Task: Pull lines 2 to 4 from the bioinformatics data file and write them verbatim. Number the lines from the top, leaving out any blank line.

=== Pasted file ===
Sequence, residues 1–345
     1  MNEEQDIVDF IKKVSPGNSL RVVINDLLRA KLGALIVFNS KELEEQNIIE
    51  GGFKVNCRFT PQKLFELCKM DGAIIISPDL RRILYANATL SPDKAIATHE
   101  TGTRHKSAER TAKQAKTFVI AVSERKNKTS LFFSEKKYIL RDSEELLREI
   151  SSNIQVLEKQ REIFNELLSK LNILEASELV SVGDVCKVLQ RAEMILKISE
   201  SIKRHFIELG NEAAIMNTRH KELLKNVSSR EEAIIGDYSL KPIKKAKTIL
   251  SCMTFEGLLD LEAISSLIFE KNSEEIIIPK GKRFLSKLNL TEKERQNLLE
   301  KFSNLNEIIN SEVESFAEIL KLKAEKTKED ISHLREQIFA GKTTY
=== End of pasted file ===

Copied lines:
     1  MNEEQDIVDF IKKVSPGNSL RVVINDLLRA KLGALIVFNS KELEEQNIIE
    51  GGFKVNCRFT PQKLFELCKM DGAIIISPDL RRILYANATL SPDKAIATHE
   101  TGTRHKSAER TAKQAKTFVI AVSERKNKTS LFFSEKKYIL RDSEELLREI